Fat-Free Versus Regular Calorie Comparison

A calorie is a calorie is a calorie, whether it comes from fat or carbohydrate.
Anything eaten in excess can lead to weight gain.
You can lose weight by eating fewer calories and by increasing your physical activity.
Reducing the amount of fat and saturated fat that you eat is one easy way to limit your overall calorie intake.
However, eating fat-free or reduced-fat foods isn’t always the answer to weight loss.
This is especially true when you eat more of the reduced-fat food than you would of the regular item.
The following list of foods and their reduced-fat varieties will show you that just because a product is fat-free,
it doesn’t mean that it is “calorie-free.”
And, calories do count!

Fat-Free or Reduced-Fat Calories Regular Calories Reduced-fat peanut butter,

  • 2 Tbsp
  • 187

Regular peanut butter,

  • 2 Tbsp
  • 191

Reduced-fat chocolate chip cookies, 3 cookies

  • (30 g)
  • 118

Regular chocolate chip cookies, 3 cookies

  • (30 g)
  • 142

Fat-free fig cookies,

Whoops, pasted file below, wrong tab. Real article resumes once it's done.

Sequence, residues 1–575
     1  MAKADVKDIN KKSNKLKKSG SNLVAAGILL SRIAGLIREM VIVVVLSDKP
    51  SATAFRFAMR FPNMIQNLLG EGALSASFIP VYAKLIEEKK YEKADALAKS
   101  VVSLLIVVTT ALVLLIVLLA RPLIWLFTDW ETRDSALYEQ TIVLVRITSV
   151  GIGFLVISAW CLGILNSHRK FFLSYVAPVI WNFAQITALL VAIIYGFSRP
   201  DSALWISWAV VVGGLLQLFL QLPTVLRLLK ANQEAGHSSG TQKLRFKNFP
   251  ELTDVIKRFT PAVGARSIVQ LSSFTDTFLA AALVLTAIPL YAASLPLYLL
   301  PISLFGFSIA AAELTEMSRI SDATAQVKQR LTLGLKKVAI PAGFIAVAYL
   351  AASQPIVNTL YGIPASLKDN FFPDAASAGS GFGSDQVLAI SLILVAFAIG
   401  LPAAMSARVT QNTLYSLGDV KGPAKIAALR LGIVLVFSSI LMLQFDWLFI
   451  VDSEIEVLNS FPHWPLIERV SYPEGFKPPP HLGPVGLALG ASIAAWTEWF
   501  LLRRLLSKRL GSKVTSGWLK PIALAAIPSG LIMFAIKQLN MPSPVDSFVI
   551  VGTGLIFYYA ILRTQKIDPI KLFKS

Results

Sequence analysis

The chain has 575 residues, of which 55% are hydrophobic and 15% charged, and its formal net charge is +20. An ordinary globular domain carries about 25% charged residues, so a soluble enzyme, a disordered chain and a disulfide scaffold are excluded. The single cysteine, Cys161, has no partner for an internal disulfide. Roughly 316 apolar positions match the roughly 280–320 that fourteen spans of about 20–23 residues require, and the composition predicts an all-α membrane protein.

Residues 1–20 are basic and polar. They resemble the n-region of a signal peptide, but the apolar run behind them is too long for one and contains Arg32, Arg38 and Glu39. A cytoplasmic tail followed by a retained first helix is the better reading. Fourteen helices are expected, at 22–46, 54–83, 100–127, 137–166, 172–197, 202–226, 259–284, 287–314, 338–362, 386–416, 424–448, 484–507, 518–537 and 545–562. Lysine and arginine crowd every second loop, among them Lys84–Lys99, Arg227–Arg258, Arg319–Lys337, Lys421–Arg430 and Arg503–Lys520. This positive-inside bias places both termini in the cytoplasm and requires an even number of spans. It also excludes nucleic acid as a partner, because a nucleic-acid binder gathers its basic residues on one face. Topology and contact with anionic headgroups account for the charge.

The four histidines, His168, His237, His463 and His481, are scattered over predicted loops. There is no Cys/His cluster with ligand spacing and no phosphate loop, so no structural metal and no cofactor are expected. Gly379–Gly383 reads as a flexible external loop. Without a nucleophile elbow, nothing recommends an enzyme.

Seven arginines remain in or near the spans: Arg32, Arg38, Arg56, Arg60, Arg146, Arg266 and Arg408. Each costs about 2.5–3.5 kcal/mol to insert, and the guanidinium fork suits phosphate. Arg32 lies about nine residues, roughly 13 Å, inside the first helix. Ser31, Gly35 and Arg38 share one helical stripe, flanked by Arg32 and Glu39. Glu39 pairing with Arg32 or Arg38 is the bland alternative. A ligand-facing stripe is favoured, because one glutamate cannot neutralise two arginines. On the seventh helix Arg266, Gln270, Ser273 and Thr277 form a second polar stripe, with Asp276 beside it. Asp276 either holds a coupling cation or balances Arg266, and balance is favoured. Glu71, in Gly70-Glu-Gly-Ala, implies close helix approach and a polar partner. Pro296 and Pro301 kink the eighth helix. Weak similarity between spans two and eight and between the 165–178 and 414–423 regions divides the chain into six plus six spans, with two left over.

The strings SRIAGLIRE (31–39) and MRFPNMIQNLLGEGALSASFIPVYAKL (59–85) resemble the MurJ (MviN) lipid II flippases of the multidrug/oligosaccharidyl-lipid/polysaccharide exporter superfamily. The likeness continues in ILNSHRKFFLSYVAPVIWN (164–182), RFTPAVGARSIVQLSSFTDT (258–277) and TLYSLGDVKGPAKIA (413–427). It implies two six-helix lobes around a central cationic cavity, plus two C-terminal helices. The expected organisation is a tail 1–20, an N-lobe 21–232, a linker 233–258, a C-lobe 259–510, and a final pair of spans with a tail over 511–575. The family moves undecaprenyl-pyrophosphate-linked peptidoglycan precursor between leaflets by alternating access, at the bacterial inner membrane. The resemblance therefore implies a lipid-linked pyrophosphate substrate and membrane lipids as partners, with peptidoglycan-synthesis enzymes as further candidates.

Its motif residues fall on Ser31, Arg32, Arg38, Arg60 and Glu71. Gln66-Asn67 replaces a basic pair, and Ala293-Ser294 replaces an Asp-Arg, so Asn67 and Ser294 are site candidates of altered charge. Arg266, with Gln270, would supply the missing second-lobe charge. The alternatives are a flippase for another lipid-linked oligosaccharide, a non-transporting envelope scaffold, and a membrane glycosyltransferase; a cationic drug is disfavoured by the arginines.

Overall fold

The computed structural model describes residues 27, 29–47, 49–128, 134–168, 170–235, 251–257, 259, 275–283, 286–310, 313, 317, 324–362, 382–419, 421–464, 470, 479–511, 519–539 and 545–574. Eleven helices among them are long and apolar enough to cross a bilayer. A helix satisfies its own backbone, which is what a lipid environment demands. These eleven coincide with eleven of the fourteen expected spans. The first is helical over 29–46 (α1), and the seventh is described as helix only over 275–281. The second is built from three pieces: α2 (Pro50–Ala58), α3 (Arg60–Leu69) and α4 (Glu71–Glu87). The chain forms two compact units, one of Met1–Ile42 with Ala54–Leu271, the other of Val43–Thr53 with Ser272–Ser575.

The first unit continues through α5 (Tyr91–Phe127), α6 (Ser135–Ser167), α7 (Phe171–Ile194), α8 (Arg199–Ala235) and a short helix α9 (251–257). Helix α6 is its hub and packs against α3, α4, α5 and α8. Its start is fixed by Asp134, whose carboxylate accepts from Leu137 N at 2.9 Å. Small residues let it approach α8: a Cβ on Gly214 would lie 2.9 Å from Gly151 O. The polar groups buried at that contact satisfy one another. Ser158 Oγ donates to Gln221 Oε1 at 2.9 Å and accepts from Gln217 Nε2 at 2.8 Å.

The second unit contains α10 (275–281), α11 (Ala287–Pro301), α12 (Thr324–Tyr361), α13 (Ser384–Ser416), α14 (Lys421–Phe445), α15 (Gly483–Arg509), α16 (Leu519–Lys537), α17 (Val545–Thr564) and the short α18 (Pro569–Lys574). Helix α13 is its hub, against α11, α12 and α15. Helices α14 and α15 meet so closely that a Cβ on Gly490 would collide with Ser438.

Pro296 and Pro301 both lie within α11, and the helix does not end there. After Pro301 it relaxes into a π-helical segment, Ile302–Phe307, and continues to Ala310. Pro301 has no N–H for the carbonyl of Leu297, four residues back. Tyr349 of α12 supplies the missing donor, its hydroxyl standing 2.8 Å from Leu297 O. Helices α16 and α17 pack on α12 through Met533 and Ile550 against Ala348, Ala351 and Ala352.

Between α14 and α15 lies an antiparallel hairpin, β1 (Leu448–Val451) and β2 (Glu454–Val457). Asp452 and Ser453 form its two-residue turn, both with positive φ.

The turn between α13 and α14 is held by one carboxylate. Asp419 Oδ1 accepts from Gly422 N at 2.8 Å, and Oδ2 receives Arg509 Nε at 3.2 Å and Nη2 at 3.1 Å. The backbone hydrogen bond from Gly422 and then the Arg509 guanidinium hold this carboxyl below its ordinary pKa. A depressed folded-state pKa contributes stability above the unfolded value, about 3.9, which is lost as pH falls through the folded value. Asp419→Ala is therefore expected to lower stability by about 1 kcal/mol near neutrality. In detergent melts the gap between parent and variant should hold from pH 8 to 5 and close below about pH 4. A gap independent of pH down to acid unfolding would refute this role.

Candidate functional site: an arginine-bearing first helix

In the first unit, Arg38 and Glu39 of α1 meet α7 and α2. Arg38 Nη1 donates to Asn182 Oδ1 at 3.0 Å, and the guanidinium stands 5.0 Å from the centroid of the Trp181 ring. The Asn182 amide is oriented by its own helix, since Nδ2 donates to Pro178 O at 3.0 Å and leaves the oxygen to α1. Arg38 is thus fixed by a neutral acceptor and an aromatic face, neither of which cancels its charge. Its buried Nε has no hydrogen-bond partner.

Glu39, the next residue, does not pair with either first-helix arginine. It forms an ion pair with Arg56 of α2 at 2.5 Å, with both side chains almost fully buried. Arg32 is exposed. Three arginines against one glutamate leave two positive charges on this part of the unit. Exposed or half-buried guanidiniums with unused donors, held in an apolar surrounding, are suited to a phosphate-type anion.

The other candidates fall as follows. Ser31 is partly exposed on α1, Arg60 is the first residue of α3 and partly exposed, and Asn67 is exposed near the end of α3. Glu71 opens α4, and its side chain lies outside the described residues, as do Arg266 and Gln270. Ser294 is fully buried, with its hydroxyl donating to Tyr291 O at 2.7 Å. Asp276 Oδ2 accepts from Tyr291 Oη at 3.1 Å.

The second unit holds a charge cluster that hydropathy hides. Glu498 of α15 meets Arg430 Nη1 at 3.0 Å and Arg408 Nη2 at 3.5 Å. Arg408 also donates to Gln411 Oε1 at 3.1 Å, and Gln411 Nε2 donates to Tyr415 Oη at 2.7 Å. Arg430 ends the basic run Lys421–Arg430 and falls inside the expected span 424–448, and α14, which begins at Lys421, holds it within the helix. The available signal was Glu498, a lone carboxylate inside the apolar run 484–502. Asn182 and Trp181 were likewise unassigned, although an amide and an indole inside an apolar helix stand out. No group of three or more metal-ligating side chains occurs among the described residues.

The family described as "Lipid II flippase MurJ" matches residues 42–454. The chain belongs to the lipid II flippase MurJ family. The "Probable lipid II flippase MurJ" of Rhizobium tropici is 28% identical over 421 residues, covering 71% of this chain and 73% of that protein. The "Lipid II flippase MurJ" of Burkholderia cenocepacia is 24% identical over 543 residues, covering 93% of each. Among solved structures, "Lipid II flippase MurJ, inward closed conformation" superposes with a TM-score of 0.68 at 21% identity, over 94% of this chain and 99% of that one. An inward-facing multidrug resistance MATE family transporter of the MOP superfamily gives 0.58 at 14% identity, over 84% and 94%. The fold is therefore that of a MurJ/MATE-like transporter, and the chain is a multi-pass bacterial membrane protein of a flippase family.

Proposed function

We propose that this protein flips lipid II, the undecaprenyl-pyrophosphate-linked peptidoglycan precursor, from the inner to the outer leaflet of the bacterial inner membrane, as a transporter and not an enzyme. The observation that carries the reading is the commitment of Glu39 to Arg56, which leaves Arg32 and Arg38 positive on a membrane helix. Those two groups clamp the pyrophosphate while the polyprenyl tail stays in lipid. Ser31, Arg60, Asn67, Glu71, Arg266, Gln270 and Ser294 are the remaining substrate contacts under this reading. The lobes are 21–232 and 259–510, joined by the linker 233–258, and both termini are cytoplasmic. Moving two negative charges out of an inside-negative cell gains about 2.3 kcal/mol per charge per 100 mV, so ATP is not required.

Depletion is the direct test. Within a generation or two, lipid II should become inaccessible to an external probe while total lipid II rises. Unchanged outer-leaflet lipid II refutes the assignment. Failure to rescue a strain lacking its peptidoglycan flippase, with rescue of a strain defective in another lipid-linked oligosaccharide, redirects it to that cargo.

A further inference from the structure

• 2 cookies (30 g)
  • 102

Regular fig cookies,

  • 2 cookies (30 g)
  • 111

Fat-free vanilla frozen yogurt (<1% fat),

  • ½ C
  • 100

Regular whole milk vanilla frozen yogurt (3–4% fat),

  • ½ C
  • 104

Light vanilla ice cream

  • (7% fat), ½ C
  • 111

Regular vanilla ice cream,

  • (11% fat), ½ C
  • 133

Fat-free caramel topping,

  • 2 Tbsp
  • 103

Caramel topping, homemade with butter,

2 Tbsp

  • 103

Low-fat granola cereal, approx. ½ C (55 g)

  • 213

Regular granola cereal, approx. ½ C (55 g)

  • 257
  • Low-fat blueberry muffin,
  • 1 small (2½ inch)
  • 131

Regular blueberry muffin,

  • 1 small (2½ inch)
  • 138

Baked tortilla chips, 1 oz

  • 113

Regular tortilla chips, 1 oz

  • 143

Low-fat cereal bar, 1 bar

  • (1.3 oz)
  • 130

Regular cereal bar, 1 bar

  • (1.3 oz)
  • 140

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